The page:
Rhino conservation is at the heart of World Rhino Day.
Rhinos are keystone species in Africa and an important member of the Big Five. These mega-herbivores are one of Earth’s oldest living mammals, and essential to the survival of entire ecosystems. The grassy plains of Africa were once home to tens of thousands of rhinos, who thrived in their natural habitat. Sadly, since the onset of the 20th century, rhino poaching has soared, pushing this iconic species to the brink of extinction.
In the 1960s, Kenya was home to around 20,000 black rhinos. While the surge of poaching over the two decades that followed reduced this population to less than 300, black rhino populations have almost doubled to just over 850. While this may be positive news, there is still a long, long way to go for this critically endangered species. The survival of this iconic mammal rests on long-term rhino conservation solutions that involve educating communities, securing its habitat, and reducing the demand for its precious horn.
The Lewa Wildlife Conservancy is located in northern Kenya and is home to a wide variety of wildlife including the endangered black rhinos. Since 1983, Lewa’s primary goal has been to provide a safe haven for these incredible creatures. Lewa is the leading pioneer in rhino conservation in East Africa. From an initial population of just 15, 169 rhinos roam the grasslands today – safe from the destructive hands of poachers.
The Lewa (and neighbouring Borana) landscape hosts these robust mammals and stretches of 93,000 acres. The land is also home to 10 lodges, all offering unique and unforgettable safari experiences. Elewana Kifaru House is one such lodge, offering guests a haven of luxury in the bush.
With a focus on luxury and exclusivity, the lodge comprises just five thatched cottages and magnificent views of the plains and active waterhole.
Godfrey Kinyaga, the Head Guide at Elewana Kifaru House, tells us that the name, ‘Kifaru’ is a Swahili word for rhino. Godfrey is a Maasai warrior and has lived in the region all his life. He is a knowledgeable guide and a passionate conservationist with a fervent respect for these rare and endangered icons of Africa.
Growing up as a young Maasai warrior, I lived next to the Lewa Wildlife Conservancy and witnessed the successful rhino conservation efforts from a young age. This stimulated me to become a guide in this world-renowned conservancy where I can get to talk about this iconic species.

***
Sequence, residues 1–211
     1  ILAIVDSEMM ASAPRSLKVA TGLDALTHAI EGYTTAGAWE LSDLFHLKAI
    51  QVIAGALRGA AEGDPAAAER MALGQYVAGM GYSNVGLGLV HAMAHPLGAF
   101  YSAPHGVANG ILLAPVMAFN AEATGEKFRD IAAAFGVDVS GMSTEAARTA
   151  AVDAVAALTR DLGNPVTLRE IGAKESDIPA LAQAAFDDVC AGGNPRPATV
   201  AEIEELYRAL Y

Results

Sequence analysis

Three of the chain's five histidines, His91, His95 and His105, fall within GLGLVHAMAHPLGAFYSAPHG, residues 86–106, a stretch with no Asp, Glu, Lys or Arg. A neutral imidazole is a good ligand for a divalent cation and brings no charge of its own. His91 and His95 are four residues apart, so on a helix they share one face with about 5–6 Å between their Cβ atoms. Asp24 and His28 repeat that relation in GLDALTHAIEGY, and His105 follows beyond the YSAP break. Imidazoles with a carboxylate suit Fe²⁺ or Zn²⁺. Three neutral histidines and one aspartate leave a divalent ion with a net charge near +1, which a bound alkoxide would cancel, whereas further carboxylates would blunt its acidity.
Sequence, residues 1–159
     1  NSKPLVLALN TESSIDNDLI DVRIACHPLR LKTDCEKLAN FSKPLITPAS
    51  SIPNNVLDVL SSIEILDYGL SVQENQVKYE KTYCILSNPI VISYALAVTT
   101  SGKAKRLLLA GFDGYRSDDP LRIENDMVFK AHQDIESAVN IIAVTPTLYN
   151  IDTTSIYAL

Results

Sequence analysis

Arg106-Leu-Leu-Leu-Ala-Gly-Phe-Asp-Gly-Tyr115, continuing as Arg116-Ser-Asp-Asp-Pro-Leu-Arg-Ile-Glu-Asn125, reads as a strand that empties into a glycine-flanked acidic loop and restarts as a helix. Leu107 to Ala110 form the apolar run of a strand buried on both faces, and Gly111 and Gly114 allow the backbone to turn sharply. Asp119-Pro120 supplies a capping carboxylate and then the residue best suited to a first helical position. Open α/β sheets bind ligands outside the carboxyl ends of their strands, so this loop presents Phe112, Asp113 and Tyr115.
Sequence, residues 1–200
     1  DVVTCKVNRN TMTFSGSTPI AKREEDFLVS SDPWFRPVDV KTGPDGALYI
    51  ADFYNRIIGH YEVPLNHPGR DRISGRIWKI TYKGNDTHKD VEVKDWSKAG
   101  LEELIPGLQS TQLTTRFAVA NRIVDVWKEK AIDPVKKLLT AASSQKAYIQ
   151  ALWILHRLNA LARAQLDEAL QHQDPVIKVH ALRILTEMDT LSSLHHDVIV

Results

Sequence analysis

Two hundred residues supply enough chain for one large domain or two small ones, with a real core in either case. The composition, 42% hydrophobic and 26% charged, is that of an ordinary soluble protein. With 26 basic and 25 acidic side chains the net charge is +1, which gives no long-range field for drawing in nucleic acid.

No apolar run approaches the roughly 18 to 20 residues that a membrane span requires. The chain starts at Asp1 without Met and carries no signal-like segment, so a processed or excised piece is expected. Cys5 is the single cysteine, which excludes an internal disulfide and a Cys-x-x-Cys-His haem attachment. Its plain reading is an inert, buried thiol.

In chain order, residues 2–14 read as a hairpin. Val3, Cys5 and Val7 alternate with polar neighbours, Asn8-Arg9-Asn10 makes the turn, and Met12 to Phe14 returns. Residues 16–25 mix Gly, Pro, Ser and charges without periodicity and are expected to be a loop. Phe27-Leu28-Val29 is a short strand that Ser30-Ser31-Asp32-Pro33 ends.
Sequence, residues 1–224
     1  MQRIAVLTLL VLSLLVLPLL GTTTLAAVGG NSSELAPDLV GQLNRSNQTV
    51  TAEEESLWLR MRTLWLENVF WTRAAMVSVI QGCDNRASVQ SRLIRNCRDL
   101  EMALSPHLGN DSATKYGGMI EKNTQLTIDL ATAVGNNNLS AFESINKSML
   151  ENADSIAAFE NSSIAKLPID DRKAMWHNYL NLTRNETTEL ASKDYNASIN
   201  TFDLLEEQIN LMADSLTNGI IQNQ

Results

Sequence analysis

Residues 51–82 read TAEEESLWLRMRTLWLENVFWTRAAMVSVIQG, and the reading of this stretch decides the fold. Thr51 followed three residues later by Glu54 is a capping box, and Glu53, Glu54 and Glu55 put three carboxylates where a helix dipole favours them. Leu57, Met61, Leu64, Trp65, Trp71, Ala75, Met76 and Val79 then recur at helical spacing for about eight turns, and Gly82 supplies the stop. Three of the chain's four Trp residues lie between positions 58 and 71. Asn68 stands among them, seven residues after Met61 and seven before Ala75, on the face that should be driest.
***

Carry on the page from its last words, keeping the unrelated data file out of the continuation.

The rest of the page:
Lewa Wildlife Conservancy is home to 14% of the Kenyan rhinos. It is a UNESCO World Heritage site and there is a fantastic relationship amongst the communities, which is a key contributing factor to successful rhino conservation.
There are many ways for guests staying here at Kifaru House can contribute to rhino conservation efforts:
They can donate money; adopt and name a rhino; support the women’s micro-credit projects in the communities, or sponsor teachers and students with bursaries.
They can also support the Lewa Wildlife Clinic here on the conservancy which supports all the communities in the area. We have one ambulance that services the community that was given to us by a generous donor. They can support the Lewa security teams by donating binoculars and rations too. Every little bit helps!
As an iconic and critically endangered species, rhinos need global attention in order to thrive. There needs to be a serious commitment by both government, community and private agencies to assist in their survival for future generations to come.
Let’s make the world a safe haven for rhinos and promote rhino conservation far and wide. Lewa is doing it!
Karibu sana (or ‘welcome to’) Elewana Kifaru House, where you are guaranteed to see a rhino!
Happy World Rhino day!
Interested in an encounter with one of Africa’s most iconic species? Get in touch with one of our expert LuxVenture® designers today to start planning a Big Five safari to East Africa to witness rhino conservation first-hand. It will be one of the most unforgettable experiences of your life!